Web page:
Suze Orman's landscaping advice
Before they sink themselves in the deep end, a couple checks in with Suze Orman on their beautification budget: "We just bought a $275,000 house, in a new development, with very little landscaping and with neighbors very close by. Because we live in a warm climate, we can barbecue and dine outside most of the year, and we want to build a stone patio and pergola and put up a fence masked by thick greenery. We're also imagining pots of flowering plants and solid outdoor furniture. How much is it reasonable to budget for such a project? (We're thinking about building a pool, too.)"
I think that enhancing your outdoor space is a smart move because you live in an area where you can spend a lot of time enjoying the fresh air. You can essentially create a whole new room for your house. But your approach to your backyard project is a bit backward. You've given me a wish asking me what it might cost. You should be thinking only about what you can afford.
  • Set your budget first, and then figure out how big a project that amount will cover. When figuring out your budget, make sure you allow for the hidden costs of your project. You may, for example, have to pay for certain building permits. It also sounds as if you may need to consult with a landscape architect on the plans. And given that you're in a warm-weather area and want a lot of flowers and foliage, you'll probably end up having an underground sprinkler system installed. What's more, depending on where you live—and how often your property value is assessed—the improvements could boost your taxes.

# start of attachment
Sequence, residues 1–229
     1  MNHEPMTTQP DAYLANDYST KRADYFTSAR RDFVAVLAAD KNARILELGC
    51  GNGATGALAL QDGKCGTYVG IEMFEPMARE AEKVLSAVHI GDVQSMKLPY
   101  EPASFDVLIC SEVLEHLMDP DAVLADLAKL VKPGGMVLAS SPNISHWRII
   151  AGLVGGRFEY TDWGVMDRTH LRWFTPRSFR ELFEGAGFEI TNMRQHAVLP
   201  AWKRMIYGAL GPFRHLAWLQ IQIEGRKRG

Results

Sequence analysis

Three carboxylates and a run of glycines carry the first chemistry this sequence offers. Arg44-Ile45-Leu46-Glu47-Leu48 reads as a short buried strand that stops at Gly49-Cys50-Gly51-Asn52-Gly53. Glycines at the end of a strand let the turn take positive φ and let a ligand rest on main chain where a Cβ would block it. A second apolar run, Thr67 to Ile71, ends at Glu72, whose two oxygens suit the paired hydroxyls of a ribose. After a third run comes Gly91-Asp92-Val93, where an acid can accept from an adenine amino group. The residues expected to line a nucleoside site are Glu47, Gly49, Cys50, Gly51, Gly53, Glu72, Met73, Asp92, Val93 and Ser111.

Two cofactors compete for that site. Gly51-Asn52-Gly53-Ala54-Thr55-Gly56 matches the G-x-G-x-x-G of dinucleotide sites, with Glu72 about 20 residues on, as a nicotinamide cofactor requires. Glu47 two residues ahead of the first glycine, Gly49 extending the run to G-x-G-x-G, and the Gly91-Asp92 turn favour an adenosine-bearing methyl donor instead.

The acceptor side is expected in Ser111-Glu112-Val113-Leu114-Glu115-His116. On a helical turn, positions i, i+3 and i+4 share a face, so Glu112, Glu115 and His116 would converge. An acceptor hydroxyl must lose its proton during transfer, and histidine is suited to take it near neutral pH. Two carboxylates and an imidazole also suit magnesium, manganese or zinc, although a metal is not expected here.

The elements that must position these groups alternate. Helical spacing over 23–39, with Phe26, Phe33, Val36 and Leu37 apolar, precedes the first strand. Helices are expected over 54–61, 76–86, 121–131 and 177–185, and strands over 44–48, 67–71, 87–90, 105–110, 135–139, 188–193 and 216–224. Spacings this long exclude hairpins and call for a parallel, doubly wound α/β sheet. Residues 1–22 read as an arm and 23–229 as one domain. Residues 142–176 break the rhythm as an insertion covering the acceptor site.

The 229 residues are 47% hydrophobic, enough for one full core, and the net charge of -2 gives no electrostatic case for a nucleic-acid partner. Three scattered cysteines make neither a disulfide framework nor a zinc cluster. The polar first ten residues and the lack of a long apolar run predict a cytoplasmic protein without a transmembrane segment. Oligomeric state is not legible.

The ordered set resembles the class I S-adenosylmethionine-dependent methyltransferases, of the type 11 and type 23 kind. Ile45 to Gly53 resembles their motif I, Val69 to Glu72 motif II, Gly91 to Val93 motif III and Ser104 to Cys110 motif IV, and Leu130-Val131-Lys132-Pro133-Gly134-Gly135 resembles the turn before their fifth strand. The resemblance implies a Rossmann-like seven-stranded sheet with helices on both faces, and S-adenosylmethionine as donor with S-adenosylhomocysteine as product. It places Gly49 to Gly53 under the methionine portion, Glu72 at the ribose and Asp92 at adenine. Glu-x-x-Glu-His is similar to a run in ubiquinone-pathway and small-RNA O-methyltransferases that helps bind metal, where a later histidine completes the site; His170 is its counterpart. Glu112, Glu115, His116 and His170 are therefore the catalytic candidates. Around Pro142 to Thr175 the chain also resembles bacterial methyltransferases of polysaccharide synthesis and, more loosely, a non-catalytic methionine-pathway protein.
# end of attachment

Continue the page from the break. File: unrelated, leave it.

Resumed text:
• The primary goal is to avoid overextending yourselves financially. Bombarded as we are with ads on television and offers in the mail, you may be tempted to take out a home-equity loan (HEL) to finance the entire cost of your project. Yes, the interest payments on a HEL are deductible (up to $100,000), but you still end up paying money, my friends. At today's low rates, you're looking at getting 30 cents or so back as an interest deduction for every dollar you spend. That means you still have to spend 70 cents to "save" 30 cents. Remember, every loan on your house means that your home is the collateral. If you fall behind on your HEL, your lender may be able to take over the house—all because of a $10,000 or $20,000 loan for a new backyard.
  • Before you touch a thing in your yard, I want you to get some estimates of what it will cost not just to build but also to maintain this project. You might be able to put in a fence, a patio and plantings for $10,000 or so. But how much will it cost you every year for the gardener, the taxes, etc.? Then there's the upkeep. Do you intend to do all the maintenance work yourselves? Or will you need to budget for a gardener? And if you build that pool, you could wind up drowning in expenses. Hiring a professional pool service could run you $50 to $100 a month. You'll also be paying for extra electricity to run the pool pumps. Add in pool heating, and you're looking at some serious monthly outlays.
  • Since you live in a new development, here are two more questions for you to ponder. Has the development sold out, or are you one of the pioneers? If sales are a bit slow and you anticipate moving in the next few years, you obviously need to be careful about spending a lot on your house. Also, does the $275,000 you paid for the place put you at the low end or the high end of the scale for your development? The advice I gave in my first answer applies equally to you: While it's reasonable to improve your home, you don't want the additions to make your house the Taj Mahal on a block of tract houses.
The bottom line is that your outdoor project needs to be in line with two crucial measures: a budget (with factored-in maintenance costs) that won't stretch you financially, and upgrades that will fit into the general price range of similar homes in your development.

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